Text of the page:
HW_22 - FIN6626 International Finance Homework#2 I1MBAS12...

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FIN6626 – International Finance Homework #2 I1MBAS12 – Group 7 4/3/2011
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FIN6626 – International Finance I1MBAS12 – Group 7 Charlie Asheim • Shane Marques • Suzanne Schulz • Cynthia Tirpak • Laura Torres Part I : End of Chapter Questions Chapter 11 : International Banking and Money Market 5) The international debt crisis started in the early 1980’s when a number of Third World (or less developed) countries could no longer fund the service to their international debt. OPEC, the dominant global supplier of oil at the time, began dumping billions of dollars of revenue gained from price hikes into various Eurobanks. As the deposits grew larger, these banks had problems lending these funds in order to generate enough income to pay the interest on OPEC deposits. As other lending options grew thin, Third World countries began accepting Eurobank loans. These loans to less developed countries were extremely risky, and when the LDCs could no longer service the debt, the crisis began. During the crisis debt-for-equity swaps became one way to handle the trade of LDC debt. With debt-to-equity swaps, these LDC debts would be sold at a discounted rate, converted into local currency, and equity was reinvested into the LDC. The international debt crisis is no longer affecting our global economy because of the strategy of Nicholas Brady. Brady’s solution was to offer creditor banks one of three alternatives: convert LDC loans to bonds at 65% discount, convert LDC loans into collateral bonds at 6.5% interest, or lend additional funds to allow LDCs to get on their feet. The most popular alternative was to extend debt maturities and to offer zero-coupon US Treasury bonds to debtor nations. These Brady bonds allowed LDCs to negotiate refinancing agreements, thus ending the international debt crisis. Detroit Motors Mini Case: As Detroit Motors considers expanding operations into Latin America to produce a new utility vehicle, an opportunity has risen to conduct a debt-for-equity swap with a Latin American country. Debt-for-equity swaps became a lucrative market during the Third World country debt crisis, as all parties benefitted in the midst of financial turmoil. These swaps allow companies like Detroit Motors to purchase the bad debt of Third World countries from creditor banks. The Third World country would then buy the bank debt from the company at a smaller discount than the company paid, but in the local currency. The company, like Detroit Motors, would invest that money into the Third World country through activities to benefit the less developed country. In this case, the investment would turn into a new vehicle assembly plant in the Latin American country. Debt-for equity swaps are unique in that they benefit all parties involved. The initial creditor bank is able to redeem some monies from unproductive loans, albeit at a heavy 2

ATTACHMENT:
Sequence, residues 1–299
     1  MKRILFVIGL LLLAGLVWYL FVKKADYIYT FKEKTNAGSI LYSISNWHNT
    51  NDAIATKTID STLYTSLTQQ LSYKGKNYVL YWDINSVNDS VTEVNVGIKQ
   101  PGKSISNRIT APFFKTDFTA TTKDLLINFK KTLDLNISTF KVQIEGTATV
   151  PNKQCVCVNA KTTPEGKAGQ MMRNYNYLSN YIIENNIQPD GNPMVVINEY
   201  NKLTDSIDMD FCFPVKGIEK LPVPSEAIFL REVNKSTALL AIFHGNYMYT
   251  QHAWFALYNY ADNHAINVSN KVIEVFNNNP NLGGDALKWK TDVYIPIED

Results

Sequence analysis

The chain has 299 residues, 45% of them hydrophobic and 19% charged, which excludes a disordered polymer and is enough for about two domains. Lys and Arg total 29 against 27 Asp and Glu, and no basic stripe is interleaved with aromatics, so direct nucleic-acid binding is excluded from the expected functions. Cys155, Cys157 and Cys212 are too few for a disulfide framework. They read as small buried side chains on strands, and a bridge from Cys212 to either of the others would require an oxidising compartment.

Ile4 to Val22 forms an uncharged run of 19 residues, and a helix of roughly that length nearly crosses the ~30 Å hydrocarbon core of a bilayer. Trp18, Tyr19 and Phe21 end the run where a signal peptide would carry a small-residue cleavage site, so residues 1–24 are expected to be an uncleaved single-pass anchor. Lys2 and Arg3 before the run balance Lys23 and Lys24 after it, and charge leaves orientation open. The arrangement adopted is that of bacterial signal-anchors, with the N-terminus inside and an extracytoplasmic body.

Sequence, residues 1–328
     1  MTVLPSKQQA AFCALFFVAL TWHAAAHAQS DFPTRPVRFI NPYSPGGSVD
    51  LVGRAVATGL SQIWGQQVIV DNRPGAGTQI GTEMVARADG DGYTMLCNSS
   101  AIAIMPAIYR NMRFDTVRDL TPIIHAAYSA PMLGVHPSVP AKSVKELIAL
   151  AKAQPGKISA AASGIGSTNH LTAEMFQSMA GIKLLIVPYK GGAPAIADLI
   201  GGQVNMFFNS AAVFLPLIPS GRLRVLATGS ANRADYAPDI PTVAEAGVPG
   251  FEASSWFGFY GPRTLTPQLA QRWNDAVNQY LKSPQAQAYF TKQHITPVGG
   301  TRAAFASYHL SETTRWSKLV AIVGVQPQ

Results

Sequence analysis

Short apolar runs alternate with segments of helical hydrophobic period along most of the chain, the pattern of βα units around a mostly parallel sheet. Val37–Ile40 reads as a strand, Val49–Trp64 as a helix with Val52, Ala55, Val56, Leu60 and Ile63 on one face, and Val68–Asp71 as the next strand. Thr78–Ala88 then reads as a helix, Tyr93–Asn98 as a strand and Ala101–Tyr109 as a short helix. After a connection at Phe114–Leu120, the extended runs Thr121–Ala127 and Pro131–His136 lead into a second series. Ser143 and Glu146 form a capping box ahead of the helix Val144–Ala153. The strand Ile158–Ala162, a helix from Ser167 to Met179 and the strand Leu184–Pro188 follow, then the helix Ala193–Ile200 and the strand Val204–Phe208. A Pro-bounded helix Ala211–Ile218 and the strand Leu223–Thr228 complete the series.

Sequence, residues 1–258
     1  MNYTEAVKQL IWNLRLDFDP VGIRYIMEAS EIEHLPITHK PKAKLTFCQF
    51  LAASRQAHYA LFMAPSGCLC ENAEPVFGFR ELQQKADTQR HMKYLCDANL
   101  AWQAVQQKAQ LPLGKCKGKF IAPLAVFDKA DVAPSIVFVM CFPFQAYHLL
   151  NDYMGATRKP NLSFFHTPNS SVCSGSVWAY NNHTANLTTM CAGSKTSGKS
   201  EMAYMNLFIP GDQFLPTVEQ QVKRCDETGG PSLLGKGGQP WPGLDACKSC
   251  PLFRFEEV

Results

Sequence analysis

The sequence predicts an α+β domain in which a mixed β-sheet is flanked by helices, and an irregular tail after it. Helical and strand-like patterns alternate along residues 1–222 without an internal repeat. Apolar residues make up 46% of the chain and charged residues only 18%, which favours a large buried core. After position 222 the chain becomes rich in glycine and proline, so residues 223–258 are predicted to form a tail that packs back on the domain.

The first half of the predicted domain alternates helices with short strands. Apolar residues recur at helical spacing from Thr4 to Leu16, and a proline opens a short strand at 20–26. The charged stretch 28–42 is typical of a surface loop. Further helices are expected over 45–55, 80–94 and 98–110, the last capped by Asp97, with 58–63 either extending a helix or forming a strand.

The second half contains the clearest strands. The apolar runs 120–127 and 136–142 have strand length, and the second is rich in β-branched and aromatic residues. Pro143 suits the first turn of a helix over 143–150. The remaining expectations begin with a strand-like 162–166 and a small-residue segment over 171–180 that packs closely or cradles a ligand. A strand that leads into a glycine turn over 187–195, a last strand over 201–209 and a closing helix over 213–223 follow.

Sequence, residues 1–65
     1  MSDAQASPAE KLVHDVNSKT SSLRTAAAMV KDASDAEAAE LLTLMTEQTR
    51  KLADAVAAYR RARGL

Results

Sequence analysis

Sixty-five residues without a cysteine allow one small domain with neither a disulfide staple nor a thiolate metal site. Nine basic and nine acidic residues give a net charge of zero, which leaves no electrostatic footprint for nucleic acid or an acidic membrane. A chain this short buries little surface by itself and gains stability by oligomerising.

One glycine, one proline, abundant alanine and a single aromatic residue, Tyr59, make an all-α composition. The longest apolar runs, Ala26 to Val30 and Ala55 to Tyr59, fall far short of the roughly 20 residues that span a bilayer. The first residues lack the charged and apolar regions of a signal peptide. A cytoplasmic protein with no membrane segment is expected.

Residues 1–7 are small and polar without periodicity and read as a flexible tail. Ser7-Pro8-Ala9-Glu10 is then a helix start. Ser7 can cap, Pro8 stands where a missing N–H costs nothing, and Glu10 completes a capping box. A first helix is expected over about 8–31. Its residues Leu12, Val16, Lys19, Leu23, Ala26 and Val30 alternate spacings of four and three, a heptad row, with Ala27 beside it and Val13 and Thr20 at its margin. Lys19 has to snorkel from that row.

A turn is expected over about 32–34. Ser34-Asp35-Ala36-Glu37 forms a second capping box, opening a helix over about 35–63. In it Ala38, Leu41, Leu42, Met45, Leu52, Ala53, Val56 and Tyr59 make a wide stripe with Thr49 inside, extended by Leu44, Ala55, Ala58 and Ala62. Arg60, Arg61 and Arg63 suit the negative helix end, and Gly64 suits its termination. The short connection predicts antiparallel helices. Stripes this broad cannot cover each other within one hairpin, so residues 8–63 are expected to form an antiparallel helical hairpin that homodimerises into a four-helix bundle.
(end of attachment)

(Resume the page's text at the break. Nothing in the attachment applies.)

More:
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FIN6626 – International Finance I1MBAS12 – Group 7 Charlie Asheim • Shane Marques • Suzanne Schulz • Cynthia Tirpak • Laura Torres discount. The debt purchaser also benefits by receiving the large discount form the
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